Police seize 37 dogs and make one arrest after raid in Essex
- Credit: Essex Police
More than 35 dogs – including eight puppies – have been seized by police after officers raided an address near Colchester.
Officers executed a warrant at Langley Green, in Feering, shortly before 4pm on Friday, April 9 and found 37 dogs including eight puppies which were alive.
A further seven puppies were found dead and one dog had to be put down at the scene, a spokesman for Essex Police said.
Each of the remaining dogs were left in the care of the RSPCA.
The raid followed a joint operation between officers from local policing teams in Colchester and Braintree.
A 37-year-old woman from Feering was arrested on suspicion of offences against animals. She has been released under investigation.
The news comes following a spate of seizures in both Essex and Suffolk in recent weeks – with 83 suspected stolen dogs recovered by police in Ipswich following a raid at a travellers' site.
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Essex Police has said the Feering seizures are not related to suspected thefts, however.
In Dunmow, 27 suspected stolen dogs were seized after Essex Police and RSPCA carried out a warrant on April 1.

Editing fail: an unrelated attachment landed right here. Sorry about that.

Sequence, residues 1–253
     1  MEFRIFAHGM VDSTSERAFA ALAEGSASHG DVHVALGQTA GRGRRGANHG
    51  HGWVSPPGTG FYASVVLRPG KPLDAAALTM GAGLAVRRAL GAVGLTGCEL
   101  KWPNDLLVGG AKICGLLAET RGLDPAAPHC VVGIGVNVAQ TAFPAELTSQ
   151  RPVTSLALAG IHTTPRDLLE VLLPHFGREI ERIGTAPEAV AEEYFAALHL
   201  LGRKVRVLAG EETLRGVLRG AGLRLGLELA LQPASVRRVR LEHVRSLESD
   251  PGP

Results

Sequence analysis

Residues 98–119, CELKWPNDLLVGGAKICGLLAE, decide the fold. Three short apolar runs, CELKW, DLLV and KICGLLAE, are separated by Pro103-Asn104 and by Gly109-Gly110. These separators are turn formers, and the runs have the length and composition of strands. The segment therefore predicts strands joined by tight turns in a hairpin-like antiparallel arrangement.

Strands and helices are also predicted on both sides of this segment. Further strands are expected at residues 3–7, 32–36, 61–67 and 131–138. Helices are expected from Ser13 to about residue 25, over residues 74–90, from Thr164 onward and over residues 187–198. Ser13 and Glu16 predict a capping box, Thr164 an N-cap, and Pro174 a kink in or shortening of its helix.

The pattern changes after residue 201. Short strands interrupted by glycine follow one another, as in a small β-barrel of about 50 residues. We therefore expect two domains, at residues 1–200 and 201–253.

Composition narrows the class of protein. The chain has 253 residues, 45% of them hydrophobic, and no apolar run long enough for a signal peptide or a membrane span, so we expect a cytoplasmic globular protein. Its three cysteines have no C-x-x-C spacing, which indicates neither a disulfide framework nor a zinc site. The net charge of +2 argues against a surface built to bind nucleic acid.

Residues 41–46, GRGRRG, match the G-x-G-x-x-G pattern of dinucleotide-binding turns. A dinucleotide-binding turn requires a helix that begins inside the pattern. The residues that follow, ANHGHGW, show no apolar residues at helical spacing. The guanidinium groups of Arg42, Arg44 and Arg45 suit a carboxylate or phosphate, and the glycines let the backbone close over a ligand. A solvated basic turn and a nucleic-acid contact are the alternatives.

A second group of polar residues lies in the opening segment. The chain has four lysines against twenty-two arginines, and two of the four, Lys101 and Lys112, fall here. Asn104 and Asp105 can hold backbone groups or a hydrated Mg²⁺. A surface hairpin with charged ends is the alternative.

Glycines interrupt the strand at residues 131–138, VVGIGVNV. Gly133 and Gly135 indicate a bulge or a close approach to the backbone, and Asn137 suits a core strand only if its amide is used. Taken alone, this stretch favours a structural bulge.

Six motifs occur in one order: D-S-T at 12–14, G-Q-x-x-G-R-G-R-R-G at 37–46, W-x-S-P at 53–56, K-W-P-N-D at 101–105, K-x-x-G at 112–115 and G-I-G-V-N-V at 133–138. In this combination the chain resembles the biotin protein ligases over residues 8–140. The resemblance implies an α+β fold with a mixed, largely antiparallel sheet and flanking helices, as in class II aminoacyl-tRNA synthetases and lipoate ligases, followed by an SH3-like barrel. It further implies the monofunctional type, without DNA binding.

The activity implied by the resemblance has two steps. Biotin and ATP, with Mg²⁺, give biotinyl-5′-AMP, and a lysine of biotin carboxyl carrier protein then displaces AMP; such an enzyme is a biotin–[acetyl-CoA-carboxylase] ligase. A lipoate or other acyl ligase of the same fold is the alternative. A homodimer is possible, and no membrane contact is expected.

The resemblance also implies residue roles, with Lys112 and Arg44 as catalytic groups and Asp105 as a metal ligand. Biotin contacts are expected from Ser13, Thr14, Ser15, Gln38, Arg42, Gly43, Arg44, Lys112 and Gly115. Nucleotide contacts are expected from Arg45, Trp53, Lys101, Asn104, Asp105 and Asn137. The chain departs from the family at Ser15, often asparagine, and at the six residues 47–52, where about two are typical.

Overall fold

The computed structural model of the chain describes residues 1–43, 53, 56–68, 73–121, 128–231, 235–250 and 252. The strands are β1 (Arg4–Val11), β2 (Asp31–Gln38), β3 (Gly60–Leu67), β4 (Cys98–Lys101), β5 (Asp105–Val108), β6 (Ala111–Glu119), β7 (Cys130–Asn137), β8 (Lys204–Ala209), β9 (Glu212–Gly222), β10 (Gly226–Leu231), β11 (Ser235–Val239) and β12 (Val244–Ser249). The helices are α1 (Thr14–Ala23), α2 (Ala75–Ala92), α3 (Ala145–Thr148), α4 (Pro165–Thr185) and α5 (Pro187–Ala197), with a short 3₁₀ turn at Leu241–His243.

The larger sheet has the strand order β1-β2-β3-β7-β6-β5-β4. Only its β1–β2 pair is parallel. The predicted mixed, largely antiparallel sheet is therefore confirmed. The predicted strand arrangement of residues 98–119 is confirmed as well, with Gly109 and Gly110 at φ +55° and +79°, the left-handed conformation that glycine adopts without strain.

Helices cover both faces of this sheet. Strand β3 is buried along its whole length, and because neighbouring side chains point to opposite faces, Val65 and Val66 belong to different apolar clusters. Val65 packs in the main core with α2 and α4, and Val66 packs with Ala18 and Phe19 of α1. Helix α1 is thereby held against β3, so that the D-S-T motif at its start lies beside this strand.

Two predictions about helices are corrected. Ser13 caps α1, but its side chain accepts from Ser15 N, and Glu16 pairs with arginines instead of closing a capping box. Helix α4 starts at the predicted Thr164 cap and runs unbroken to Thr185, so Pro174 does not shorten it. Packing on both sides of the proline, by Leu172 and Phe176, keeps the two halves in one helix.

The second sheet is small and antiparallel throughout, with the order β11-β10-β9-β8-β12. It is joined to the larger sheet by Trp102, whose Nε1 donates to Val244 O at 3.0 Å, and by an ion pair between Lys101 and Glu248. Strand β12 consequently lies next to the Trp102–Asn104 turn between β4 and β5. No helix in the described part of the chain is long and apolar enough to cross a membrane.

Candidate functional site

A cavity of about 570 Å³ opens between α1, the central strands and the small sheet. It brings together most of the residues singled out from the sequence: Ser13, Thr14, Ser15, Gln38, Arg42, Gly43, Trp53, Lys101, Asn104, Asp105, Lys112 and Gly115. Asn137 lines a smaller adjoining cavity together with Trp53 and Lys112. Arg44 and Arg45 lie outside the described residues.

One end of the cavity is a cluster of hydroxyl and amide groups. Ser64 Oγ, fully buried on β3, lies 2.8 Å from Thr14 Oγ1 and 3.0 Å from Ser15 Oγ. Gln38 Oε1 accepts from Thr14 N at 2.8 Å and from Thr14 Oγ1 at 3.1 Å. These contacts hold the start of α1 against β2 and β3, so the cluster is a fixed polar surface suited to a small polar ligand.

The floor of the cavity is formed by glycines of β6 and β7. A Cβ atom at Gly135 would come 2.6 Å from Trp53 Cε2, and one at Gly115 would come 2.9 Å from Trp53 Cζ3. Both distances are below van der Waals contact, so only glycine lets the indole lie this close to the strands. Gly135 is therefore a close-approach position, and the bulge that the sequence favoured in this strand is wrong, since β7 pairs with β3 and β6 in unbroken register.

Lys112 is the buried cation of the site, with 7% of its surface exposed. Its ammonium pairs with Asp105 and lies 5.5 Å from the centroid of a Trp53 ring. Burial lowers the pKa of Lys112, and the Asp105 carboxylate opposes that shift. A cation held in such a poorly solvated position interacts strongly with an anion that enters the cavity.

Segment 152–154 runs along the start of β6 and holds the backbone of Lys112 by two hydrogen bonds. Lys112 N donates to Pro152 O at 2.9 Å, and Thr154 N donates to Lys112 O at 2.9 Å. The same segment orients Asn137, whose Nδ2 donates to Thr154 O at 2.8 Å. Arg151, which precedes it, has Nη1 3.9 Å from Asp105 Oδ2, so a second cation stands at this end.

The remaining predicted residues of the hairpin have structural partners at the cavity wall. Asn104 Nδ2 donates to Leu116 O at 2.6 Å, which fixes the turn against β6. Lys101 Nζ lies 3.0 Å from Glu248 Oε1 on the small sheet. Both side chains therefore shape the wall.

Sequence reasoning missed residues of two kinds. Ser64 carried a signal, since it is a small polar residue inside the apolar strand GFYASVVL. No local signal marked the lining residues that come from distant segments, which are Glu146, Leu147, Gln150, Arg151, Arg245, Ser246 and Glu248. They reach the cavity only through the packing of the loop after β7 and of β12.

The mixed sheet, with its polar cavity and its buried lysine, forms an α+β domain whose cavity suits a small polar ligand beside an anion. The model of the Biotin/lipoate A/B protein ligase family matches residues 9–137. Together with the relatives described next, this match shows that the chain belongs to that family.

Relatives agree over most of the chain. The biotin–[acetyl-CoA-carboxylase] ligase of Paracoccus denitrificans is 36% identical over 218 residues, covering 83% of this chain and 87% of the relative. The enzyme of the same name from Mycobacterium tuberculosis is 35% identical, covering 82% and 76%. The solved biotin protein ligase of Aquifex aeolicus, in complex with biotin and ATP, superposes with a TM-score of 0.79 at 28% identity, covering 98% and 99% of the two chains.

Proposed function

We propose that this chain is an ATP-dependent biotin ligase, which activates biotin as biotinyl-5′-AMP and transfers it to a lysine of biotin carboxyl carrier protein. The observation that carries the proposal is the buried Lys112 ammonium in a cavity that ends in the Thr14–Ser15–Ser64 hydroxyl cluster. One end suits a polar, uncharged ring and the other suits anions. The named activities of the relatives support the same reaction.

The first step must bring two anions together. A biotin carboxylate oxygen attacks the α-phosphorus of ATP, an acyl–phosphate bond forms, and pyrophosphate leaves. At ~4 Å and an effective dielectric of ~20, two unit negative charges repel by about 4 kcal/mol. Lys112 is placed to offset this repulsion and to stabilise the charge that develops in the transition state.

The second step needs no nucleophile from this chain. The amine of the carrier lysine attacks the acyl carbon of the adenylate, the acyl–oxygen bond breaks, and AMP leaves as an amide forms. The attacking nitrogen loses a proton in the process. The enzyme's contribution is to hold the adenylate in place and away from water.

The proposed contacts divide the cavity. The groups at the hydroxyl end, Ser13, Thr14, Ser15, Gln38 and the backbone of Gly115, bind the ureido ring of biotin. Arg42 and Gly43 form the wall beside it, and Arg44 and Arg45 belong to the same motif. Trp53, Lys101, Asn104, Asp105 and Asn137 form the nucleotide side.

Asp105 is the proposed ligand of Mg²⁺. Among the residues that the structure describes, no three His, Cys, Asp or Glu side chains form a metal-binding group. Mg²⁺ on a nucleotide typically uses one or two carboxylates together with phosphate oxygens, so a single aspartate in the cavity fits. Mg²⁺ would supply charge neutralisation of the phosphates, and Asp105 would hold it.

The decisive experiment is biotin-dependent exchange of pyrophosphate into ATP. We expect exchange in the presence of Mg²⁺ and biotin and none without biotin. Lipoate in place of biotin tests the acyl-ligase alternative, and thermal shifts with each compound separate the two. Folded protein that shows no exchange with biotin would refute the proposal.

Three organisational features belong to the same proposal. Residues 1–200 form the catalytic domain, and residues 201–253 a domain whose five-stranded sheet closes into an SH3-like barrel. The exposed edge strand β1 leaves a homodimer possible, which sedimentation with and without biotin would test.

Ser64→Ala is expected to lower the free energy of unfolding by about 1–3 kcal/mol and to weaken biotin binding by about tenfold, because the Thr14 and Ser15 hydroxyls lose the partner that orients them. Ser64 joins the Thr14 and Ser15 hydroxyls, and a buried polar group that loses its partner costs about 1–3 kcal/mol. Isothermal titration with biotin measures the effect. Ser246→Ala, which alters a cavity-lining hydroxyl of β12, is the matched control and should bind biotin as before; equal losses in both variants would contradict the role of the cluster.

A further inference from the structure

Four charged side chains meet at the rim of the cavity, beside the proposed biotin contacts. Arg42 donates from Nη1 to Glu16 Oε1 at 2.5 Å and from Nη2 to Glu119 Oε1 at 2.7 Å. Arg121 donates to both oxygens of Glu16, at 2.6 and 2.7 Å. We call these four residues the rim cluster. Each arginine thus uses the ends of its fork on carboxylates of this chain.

Three people were arrested and later released under investigation.
Speaking after the Dunmow incident, PC Glenn Braden, from the Uttlesford Community Policing Team, said: “We know the devastation the loss of a much-loved pet can cause and we take reports of thefts seriously.
“We have been carrying out extensive enquiries into recent reports of thefts and this warrant comes as part of that.
“We are now working to identify the dogs we found at this address and, if stolen, identify their owner so we can return them.
“If you have any information about the theft of a dog then we need you to contact us.”
Speaking last month, assistant chief constable Rachel Nolan said Essex is not seeing a significant rise in dog-related incidents despite frequent posts shared on social media.
Those with information regarding any dog-related incidents can contact police on 101, or anonymously via charity Crimestoppers on 0800 555111.